Wednesday March 31, 2010 | 7 comments
Thirty-two years ago, I was a 21-year-old woman at a crossroads. Without skipping a beat and with a certainty I envied, most of my friends went off to graduate schools or jobs. I, on the other hand, felt as though a bus had just dropped me off in a strange town and I had no idea where to go or what to do next. Until, that is, I decided to follow in the footsteps of the young 19th Century European men of privilege and embark on my own version of the Grand Tour. In September 1978, I hopped aboard a Swiss Air flight to Zurich and after a long flight and an equally long train ride, disembarked in the Luneburger Heide, the heathland of northern Germany. As luck would have it, my first destination choice – Munster – had fallen through when the two-month intensive German-language session at the Goethe Institute there filled up early. So, I opted for my second choice – Luneburg – an old salt town just a short distance southeast of Hamburg. And, in the words of Mr. Frost, “that has made all the difference.”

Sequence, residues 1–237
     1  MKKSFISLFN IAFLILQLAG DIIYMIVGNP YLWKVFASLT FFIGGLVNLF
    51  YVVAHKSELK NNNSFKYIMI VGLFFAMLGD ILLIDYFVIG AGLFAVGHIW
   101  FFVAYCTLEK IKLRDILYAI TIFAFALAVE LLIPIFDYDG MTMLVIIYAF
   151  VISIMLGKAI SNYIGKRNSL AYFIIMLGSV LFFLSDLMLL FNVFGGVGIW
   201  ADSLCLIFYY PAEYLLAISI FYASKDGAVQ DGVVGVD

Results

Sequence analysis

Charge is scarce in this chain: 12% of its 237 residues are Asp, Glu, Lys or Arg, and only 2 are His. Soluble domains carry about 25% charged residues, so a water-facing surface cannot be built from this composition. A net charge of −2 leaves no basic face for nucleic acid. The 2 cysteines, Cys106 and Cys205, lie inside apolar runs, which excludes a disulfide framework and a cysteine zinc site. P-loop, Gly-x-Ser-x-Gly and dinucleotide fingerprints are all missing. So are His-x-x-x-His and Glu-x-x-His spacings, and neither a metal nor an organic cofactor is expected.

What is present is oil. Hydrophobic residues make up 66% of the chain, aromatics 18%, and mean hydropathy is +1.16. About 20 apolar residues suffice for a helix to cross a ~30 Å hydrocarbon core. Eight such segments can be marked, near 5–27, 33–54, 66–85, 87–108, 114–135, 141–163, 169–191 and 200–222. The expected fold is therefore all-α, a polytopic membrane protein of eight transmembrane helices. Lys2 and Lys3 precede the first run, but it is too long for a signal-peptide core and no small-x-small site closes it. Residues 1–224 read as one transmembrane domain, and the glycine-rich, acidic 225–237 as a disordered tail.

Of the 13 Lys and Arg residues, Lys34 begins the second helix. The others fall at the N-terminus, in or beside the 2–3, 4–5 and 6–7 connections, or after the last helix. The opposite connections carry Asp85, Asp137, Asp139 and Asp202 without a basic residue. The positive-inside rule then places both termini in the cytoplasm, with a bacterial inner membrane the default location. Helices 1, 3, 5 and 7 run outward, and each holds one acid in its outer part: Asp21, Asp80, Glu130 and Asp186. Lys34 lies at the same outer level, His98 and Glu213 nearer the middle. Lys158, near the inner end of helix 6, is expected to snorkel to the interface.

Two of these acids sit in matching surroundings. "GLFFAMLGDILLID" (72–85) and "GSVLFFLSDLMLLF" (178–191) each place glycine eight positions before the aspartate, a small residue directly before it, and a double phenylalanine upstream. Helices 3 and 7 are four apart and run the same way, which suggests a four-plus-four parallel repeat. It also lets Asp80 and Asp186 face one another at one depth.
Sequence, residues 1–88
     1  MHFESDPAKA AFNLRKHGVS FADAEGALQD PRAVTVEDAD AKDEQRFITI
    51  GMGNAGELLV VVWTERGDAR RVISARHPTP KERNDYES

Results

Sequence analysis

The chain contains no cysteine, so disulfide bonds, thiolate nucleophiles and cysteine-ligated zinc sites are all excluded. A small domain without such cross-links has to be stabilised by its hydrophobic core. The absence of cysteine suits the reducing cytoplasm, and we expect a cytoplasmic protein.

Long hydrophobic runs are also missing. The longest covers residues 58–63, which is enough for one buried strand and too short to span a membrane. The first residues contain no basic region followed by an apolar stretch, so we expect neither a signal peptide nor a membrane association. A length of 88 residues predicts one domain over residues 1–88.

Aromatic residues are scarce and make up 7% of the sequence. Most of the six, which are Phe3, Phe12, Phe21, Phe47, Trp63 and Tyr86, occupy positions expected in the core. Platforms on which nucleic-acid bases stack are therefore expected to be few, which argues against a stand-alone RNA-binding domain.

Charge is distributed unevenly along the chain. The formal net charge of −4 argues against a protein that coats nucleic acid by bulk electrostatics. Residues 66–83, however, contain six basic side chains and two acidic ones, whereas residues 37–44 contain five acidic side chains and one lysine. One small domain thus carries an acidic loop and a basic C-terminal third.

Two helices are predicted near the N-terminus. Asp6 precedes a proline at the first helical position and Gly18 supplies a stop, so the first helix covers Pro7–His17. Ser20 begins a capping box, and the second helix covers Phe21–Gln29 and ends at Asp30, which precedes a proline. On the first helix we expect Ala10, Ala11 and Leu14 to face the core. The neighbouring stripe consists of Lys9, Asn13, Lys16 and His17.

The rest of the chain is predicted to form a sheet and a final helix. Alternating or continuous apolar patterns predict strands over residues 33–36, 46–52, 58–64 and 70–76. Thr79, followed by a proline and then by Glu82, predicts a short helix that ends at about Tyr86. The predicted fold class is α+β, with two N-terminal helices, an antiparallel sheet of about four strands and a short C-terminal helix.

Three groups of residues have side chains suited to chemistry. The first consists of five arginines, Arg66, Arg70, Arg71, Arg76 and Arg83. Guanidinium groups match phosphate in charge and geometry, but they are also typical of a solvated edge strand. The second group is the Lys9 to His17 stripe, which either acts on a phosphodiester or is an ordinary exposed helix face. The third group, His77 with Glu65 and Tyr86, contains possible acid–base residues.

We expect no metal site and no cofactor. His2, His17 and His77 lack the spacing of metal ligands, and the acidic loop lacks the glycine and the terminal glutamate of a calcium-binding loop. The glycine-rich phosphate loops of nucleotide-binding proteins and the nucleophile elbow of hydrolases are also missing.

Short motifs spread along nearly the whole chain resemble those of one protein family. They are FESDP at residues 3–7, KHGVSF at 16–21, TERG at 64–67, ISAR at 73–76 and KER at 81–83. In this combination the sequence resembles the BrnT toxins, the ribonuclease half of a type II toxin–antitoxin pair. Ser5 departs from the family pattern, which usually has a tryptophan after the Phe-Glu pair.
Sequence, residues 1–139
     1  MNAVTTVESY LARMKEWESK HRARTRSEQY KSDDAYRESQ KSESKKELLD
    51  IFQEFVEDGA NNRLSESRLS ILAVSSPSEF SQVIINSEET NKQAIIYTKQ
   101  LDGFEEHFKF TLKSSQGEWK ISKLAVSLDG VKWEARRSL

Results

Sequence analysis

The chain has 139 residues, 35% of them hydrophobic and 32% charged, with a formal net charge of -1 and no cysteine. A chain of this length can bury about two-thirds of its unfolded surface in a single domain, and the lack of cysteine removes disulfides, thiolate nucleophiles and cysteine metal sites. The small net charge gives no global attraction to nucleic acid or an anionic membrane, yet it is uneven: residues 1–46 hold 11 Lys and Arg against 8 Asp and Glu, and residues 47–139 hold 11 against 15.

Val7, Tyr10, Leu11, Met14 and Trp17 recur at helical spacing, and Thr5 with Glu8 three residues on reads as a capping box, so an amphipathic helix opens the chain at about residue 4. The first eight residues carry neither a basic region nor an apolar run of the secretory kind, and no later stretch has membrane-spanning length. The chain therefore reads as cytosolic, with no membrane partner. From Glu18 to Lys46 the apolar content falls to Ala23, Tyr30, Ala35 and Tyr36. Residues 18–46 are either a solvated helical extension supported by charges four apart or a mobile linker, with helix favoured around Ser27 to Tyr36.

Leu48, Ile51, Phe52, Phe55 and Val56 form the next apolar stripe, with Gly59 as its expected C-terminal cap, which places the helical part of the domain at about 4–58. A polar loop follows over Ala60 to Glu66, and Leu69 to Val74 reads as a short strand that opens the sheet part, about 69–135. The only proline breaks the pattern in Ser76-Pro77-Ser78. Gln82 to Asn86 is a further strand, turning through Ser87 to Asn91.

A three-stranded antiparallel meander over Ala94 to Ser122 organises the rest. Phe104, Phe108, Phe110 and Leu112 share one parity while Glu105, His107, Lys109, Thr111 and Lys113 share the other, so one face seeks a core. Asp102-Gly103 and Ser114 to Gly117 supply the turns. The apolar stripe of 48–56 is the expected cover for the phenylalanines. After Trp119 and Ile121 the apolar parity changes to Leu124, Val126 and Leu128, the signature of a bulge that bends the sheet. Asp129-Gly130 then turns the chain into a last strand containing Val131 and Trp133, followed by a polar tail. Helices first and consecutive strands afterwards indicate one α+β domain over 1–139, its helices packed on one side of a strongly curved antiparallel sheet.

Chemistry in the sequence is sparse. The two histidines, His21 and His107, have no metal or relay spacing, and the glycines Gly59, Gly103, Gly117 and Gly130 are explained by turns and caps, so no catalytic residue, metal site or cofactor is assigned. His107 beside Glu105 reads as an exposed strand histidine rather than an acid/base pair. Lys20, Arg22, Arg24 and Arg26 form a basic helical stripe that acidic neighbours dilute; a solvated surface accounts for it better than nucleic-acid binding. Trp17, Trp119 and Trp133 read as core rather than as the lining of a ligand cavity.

On the first day of classes at Luneburg’s Goethe Institute, I met the man who would become my husband. Many memories of those amazing two months in Luneburg are still very vivid, but it was not until recently, when I read my diary from that time to my husband that I realized tea’s role in that life-altering adventure. In my very first entry on September 27, 1978 while overnighting at the Zurich Youth Hostel, I described being taken to tea (NOT coffee) by a man I met at the hostel. Then, the very next day found me sipping two glasses of tea at the Konditorei Schurter on Niederdorf Strasse in Zurich. On the nearly 12-hour train trip from Zurich to Luneburg, I subsisted on a meager breakfast of “raisins and tea,” but once I reached the youth hostel in Luneburg, I enjoyed a Belegtes Brot (light supper) that impressed me not for the quality of the food, but rather for the tea, which I described as “the special part, like a warm cranberry juice.”
In fact, nearly all of the meals I described included tea. But it was the entry on October 3, 1978 that brought the biggest smile to my face. That was my first day of classes and the day I met my husband. The first time I ever wrote his name was when I wrote “tea with Erol.”
This journey back in time has reaffirmed for me that the tea path is the one I was meant to travel.